Hybrids also offer some attractive features to issuers, enabling them to protect their credit rating or improve their credit ratios for covenant purposes. Take Spain’s Telefonica for example: the mobile communications giant includes nearly €5bn of hybrids as equity on its balance sheet for reporting purposes. The interest expense flows through the consolidated statements of changes in equity as retained earnings. On the cash flow statement – the most important statement to debt investors – Telefonica does not run the cash payments through the ‘cash generated from operations’ segment, but rather in the financing section, where the cash flow statement picks up dividend payments.
Because Telefonica accounts for its nearly €5bn in perpetual bonds as equity, they exclude them from the debt component of the all-important financial leverage ratio (net debt-to-EBITDA) – a measure of financial risk – which deflates that number. Meanwhile, the rating agencies do not classify these equity-like debt securities as 100% debt.
Despite the sector’s rapid growth, the first quarter of 2016 proved to be a testing time for the European hybrid corporate bond market. New issuance stalled and bond spreads widened as market volatility has put investors in a risk-off mode.
Over 14% of the Markit iBoxx € Non-Financials Subordinated index is composed of hybrid bonds issued by Volkswagen, the largest issuer in the index by weight. The German car maker saw its bond spreads flare up on the back of an emissions scandal last September, as the company faced drawn out litigation charges and reputational damage.
French oil group Total meanwhile, the next largest issuer of hybrids by weight, has struggled to deal with deteriorating oil and gas prices over the past year, forcing the company to restructure parts of its business. Its hybrid bonds currently trade at just under 400bps over German bunds.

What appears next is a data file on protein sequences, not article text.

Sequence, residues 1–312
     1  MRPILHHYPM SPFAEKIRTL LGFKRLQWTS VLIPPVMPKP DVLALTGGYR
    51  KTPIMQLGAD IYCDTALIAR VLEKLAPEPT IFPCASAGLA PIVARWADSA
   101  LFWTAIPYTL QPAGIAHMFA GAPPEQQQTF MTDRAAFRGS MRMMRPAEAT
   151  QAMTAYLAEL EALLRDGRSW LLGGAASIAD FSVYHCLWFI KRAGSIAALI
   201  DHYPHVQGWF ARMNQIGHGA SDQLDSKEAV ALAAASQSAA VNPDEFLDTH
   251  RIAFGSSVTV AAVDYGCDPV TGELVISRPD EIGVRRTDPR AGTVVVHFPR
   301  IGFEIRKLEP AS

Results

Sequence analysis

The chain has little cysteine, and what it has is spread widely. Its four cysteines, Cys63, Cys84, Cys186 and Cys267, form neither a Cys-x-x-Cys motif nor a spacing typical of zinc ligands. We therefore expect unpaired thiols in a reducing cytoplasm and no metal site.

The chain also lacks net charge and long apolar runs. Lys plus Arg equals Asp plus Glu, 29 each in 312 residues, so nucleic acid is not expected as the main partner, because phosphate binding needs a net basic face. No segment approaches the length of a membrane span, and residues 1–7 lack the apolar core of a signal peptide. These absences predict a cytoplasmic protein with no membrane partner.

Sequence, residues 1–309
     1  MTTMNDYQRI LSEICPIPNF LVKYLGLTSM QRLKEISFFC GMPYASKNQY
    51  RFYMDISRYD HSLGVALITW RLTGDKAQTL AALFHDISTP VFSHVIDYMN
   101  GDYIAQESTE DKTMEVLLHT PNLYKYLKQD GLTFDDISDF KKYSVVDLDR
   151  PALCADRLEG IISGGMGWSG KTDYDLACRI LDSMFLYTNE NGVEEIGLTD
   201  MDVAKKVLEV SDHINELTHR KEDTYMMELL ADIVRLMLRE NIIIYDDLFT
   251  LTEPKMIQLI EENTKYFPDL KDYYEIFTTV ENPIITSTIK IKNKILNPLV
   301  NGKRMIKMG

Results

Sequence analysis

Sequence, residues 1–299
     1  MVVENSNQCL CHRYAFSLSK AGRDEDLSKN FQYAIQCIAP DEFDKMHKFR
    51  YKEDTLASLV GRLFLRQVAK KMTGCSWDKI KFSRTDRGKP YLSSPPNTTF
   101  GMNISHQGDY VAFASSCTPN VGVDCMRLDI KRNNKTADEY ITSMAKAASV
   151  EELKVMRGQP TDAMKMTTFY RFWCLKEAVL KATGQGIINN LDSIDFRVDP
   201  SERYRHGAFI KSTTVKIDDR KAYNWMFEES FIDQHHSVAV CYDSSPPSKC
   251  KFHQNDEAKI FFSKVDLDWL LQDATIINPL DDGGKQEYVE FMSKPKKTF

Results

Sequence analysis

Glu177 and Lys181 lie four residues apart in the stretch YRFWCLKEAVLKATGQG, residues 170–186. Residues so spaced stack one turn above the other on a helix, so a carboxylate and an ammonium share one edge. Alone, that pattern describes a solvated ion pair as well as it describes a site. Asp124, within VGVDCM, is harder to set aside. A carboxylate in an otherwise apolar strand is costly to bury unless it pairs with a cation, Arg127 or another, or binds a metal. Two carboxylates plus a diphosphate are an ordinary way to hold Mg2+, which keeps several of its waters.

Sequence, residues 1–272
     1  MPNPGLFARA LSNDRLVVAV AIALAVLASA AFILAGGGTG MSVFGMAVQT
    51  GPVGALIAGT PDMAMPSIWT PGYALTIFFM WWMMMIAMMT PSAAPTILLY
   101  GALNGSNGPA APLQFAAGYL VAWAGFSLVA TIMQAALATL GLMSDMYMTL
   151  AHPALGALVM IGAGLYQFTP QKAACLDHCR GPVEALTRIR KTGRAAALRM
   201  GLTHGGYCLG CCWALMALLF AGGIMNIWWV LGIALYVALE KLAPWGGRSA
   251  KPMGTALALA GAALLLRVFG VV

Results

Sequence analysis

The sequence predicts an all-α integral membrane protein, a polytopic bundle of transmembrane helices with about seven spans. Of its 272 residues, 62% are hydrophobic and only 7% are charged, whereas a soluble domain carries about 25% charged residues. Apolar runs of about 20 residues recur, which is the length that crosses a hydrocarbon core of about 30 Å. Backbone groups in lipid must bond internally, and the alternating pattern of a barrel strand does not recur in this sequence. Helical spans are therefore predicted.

But while hybrids continue to underperform their senior European corporate counterparts, the market outlook has brightened over the past few months. “There were lots of different spurious
drivers for the underperformance in the 12 months leading up to the end of February,” says Neuberger Berman global credit portfolio manager, Julian Marks. “But I think the performance since then is the result of the valuations since then looking very attractive versus fundamentals.”
Hermes Investment Management co-head of credit, Fraser Lundie, agrees. “Since the ECB’s CSPP launch in June, senior spreads have outperformed hybrids,” he says, but adds: “In our view, if hybrids remain at above-historical pick-up from seniors, this will constrain supply, while the higher ‘structure premium’ makes them attractive for investors.”
So a large market, offering significant income in a yield starved market – what’s the catch?
“The three most important structural risks of hybrids are extension, coupon deferral and special-event calls,” says Lundie.
Extension risk refers to the potential noncall of the security – that is, the issuer decides not to pay back investors on the expected call date. Secondly, the ability of a company to defer coupon payments at their discretion creates another risk for investors. If coupons on hybrids are deferred, the company has no ability to pay dividends.